How in the Bloody Hell is that sound fiscal policy?

Who's John Galt.

"Timeo Danaos et dona ferentes" - Virgil, The Aeneid, Book 2

If the Arabs put down their weapons today, there would be no more violence. If the Jews put down their weapons today, there would be no more Israel. --Benjamin Netayahu
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post #122 of 163 (permalink) Old 04-17-2009, 01:08 AM
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Now we are just rehashing old ground here.

You try to illustrate the problem as the fault of deregulation and then show that more regulation doesn't help. So which is it?

The real problem is your inability to admit, for whatever reason I do not know, that there is bad regulation and their is good regulation.

Bad regulation is something like the Community Reinvestment Act which dictates what private companies must do and not do with regard to High Risk loans. When it is shown that this is really a very bad idea the correction made is not to do away with it, but to compound the problem by encouraging more of these loans by buying them up with government money.

Good regulations are those regulations that create a fair playing field. Regulations like the Insider trading laws are an example of this.

What the US Government has done is analagous to taking to soccer teams, and equipping one team with bats then telling them its ok to bean the other team because they have won a disproportionate amount of matches compared to them. And telling the other team it's ok because we are going to pay for your medical care.

How in the Bloody Hell is that sound fiscal policy?
First it is a very poor analogy.

I have always said that we need smart regulations. I would expect folks to be able to infer from that comment that there are good regulations and bad regulations and it requires thought to implement them correctly. To suggest that I "can't admit there are good and bad regulations" is disingenuous and fully not supported by fact. You are not very good at trying to put words in peoples mouth. I leave way too much written record that has been consistent for five years on this board.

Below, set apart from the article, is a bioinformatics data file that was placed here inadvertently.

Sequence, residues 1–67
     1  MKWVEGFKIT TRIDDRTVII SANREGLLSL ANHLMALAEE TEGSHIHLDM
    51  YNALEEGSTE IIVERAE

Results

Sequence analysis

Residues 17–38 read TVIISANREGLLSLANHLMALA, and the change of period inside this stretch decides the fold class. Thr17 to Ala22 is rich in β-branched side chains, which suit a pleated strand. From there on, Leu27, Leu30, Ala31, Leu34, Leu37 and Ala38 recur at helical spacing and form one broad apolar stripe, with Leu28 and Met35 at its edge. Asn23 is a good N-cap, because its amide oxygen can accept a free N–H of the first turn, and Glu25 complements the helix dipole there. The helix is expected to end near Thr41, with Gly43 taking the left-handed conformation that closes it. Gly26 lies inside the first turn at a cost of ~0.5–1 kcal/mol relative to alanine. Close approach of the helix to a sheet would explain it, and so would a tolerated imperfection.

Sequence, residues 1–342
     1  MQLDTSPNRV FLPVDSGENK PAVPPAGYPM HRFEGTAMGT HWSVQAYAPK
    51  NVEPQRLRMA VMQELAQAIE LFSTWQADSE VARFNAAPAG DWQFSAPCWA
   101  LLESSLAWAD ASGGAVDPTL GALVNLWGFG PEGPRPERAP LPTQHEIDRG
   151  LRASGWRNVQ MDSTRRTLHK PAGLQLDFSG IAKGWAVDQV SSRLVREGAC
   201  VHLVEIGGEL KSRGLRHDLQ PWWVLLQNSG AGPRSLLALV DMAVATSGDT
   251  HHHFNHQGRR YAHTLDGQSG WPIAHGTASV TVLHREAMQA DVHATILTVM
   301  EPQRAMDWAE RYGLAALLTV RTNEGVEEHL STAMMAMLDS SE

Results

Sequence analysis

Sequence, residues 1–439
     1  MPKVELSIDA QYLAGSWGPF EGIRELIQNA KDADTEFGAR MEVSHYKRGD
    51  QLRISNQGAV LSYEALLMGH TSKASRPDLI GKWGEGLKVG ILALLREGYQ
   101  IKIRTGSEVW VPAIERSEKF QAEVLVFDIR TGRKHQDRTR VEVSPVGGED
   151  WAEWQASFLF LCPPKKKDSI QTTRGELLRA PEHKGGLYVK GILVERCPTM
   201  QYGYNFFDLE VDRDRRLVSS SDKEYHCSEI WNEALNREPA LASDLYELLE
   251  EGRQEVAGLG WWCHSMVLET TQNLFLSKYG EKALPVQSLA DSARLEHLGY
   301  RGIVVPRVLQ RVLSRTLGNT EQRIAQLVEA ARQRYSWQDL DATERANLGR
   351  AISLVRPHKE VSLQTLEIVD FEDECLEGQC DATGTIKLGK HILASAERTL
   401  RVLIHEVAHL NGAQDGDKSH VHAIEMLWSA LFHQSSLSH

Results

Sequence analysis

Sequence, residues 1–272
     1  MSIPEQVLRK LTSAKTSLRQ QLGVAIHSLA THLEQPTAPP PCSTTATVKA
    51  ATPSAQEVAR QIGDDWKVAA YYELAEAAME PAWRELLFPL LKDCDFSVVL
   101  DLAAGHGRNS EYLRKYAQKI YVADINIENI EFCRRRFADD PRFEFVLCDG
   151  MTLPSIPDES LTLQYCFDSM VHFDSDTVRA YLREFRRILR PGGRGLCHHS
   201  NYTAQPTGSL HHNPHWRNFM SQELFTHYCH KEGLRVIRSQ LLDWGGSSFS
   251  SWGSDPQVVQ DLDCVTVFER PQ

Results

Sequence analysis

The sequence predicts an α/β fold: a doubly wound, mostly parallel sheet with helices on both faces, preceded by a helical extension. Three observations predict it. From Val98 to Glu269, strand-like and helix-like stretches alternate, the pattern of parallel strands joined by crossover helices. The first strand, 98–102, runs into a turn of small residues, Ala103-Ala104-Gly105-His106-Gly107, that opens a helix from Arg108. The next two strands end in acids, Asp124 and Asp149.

As for this sentence: You try to illustrate the problem as the fault of deregulation and then show that more regulation doesn't help. So which is it? What the hell does it even mean. It makes zero sense. I have written no contradictions whatsoever on that post. Did you even read it?

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post #123 of 163 (permalink) Old 04-17-2009, 01:21 AM
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First it is a very poor analogy.

I have always said that we need smart regulations. I would expect folks to be able to infer from that comment that there are good regulations and bad regulations and it requires thought to implement them correctly. To suggest that I "can't admit there are good and bad regulations" is disingenuous and fully not supported by fact. You are not very good at trying to put words in peoples mouth. I leave way too much written record that has been consistent for five years on this board.

As for this sentence: You try to illustrate the problem as the fault of deregulation and then show that more regulation doesn't help. So which is it? What the hell does it even mean. It makes zero sense. I have written no contradictions whatsoever on that post. Did you even read it?
I have maintained all along that deregulation is fine so long as it is done intelligently. I have also maintained that we need regulation all along but that it also needs to be intelligent.